At one point or another I’ve asked almost every person I know the same question: “do you believe in ghosts?”. More often than not I am answered with a half-hearted “no”, and conversation is quickly steered back to more palatable topics as I question my entire understanding of social cues. Occasionally, however, someone’s eyes will widen as they say “I’m not sure, but…” and proceed to share a delightful story about the time they saw a crying woman in white on the side of the highway who dissolved into darkness (or something along those lines). If they have never had an experience themselves some people will share the tales of others, remaining unconvinced that it’s all purely superstitious hogwash. Regardless of whether or not they’ve personally seen something, these tales are inevitably followed by a riveting discussion of the afterlife as we swap theories about things that go bump in the night. This is how I know when I’ve found my people.
My obsession with ghosts has been a ubiquitous force in my life. As early as I could talk I’ve been telling stories about ghosts, ghouls, and haunted things--much to the chagrin of my presbyterian school-teacher grandmother. As years continue to march by, the obsession has yet to fade. Everytime I go out of town I google “haunted in ____” and “ghosts of _____”. There’s a bookshelf in my apartment dedicated to ghost and horror story collections. I have a ouija board planchette tattooed to my body. If ghost hunting had been a major, I would have graduated with honors.
With all that being said, you’d think I’d be a firm believer in ghosts. But the truth is--I’m not. I don’t think that the sentient spirit of Old Man Jenkins is scaring kids off what used to be his property, nor do I believe that ghost hunting shows are finding actual evidence when they replay warbly recordings of someone down the hall scratching their ass and declare “the ghost said ‘get out’!”. I’ll still happily watch those shows and listen to those stories, but I can’t seem to get behind this Disney’s-Haunted-Mansion idea of ghosts.
I think that, if they’re real, ghosts operate similarly to smells--weird, I know, but hear me out: say you cook something mild. Your kitchen smells like that food for a half hour or so afterwards, right? But if you cook an intensely pungent dish (curry, for example), the aroma can linger for days. I think spirits may work in a similar way. If something intense happens, or some huge outpouring of human emotion takes place, that doesn’t just fade away. It tends to stay, undefined and faint, but still noticeable.
There have been a few times and places in my life where either myself or someone I was with were able to pick up on something--though what, exactly, remains unclear. In the spirit of the season, I would like to briefly share these moments with you, for I feel that Halloween is a powerful holiday that gives us allowance to tap in to that spooky vein that gets so often ignored.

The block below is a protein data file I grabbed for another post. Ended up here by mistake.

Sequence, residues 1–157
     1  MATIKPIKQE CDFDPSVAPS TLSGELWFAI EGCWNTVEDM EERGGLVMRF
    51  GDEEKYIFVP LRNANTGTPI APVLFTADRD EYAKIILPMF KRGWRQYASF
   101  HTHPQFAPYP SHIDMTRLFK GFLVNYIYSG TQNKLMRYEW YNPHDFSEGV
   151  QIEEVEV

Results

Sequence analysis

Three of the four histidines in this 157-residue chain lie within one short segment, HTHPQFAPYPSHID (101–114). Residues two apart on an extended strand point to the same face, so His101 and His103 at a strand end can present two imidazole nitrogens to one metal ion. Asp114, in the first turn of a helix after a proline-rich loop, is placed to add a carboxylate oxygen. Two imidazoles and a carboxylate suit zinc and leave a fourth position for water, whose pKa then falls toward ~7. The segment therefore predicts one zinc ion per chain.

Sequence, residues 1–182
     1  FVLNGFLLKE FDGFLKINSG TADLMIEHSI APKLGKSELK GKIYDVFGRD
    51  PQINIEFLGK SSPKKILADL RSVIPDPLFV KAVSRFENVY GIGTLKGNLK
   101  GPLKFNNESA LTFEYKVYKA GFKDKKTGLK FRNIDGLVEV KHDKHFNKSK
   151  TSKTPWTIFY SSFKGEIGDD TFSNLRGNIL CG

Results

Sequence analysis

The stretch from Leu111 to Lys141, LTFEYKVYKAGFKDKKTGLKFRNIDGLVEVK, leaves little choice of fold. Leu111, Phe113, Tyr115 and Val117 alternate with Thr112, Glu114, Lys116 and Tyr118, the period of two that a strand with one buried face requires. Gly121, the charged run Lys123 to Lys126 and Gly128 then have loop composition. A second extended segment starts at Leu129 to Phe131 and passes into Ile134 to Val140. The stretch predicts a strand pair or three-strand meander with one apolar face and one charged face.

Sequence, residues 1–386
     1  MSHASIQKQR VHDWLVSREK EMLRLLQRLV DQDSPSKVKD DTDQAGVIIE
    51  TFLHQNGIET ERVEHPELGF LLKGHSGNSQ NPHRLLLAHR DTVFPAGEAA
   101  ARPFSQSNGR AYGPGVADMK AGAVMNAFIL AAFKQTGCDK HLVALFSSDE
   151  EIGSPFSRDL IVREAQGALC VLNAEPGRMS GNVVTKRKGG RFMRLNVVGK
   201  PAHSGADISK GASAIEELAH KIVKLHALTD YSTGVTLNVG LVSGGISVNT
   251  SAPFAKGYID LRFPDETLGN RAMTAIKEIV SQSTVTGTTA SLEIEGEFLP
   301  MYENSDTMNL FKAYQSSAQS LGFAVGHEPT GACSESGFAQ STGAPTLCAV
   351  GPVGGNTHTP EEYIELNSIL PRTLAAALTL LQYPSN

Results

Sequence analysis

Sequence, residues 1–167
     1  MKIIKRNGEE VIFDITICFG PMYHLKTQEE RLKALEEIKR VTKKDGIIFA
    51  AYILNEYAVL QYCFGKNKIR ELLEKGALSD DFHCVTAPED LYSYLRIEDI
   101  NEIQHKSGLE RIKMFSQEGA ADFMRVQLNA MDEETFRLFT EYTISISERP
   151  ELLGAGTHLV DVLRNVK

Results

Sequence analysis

Place: The Crescent Hotel, Eureka Springs, Arkansas
Year: 2007 (Age 12)
Between the ages of nine and fourteen my family frequently visited the Ozark town of Eureka Springs, Arkansas. If you’ve ever been, you know that Eureka Springs is an incredibly mystical place. It was named in reference to the abundant freshwater springs that still flow from the steep, lush hills that are characteristic of the region. Though the town as it is known today was founded in 1879, for centuries prior the area was a sacred place for many Native American tribes, including the Choctaw, Osage and Creek peoples. In the mid 1800’s the springs were a stop for thousands of Cherokee people being forcefully removed from their land on the nefarious Trail of Tears. According to the Blue Spring Heritage Center website, the springs and their natural power offered a source of hope and healing to these people in the midst of an atrocious act of inhumanity.
When these stories of the springs’ healing properties spread, European settlers flooded into the area and began to capitalize on this precious natural resource. Entrepreneurs began to advertise the spring water as a magical cure-all and built bath houses, hotels, and retreats into the steep hillside. As the 1800’s rolled to a close the branding of the springs and fresh air had proved to be incredibly lucrative, to the point where tens of thousands of Victorian-era city dwellers would flock to Eureka Springs seeking respite from a host of physical ailments.
In 1884 construction began on what is today known as The Crescent Hotel. The Crescent sits at the top of the hillside overlooking Eureka Springs, a massive stone structure ever standing watch over the town. In its one hundred and twenty five years, The Crescent has been a hotel, a school, a hospital, and an old folks home before finally coming back full circle to the hotel it is today. And, as with any self-respecting hundred year old hotel-school-hospital-nursing home, The Crescent is said to be home to many restless spirits. One visit to Eureka Springs, after much begging, I was able to convince my mother to take my sisters and I on the Crescent Hotel ghost tour.
Right from the get-go the Crescent felt unsettling. Our group met in the lobby, whose color palate consisted of deep reds with black accents--classically spooky. The air seemed crowded and humming despite being relatively empty. It felt like being in an empty school after the students have gone home; an undeniable feeling of liveliness, sans actual life. I immediately began taking pictures, hoping to gather indisputable evidence of the paranormal.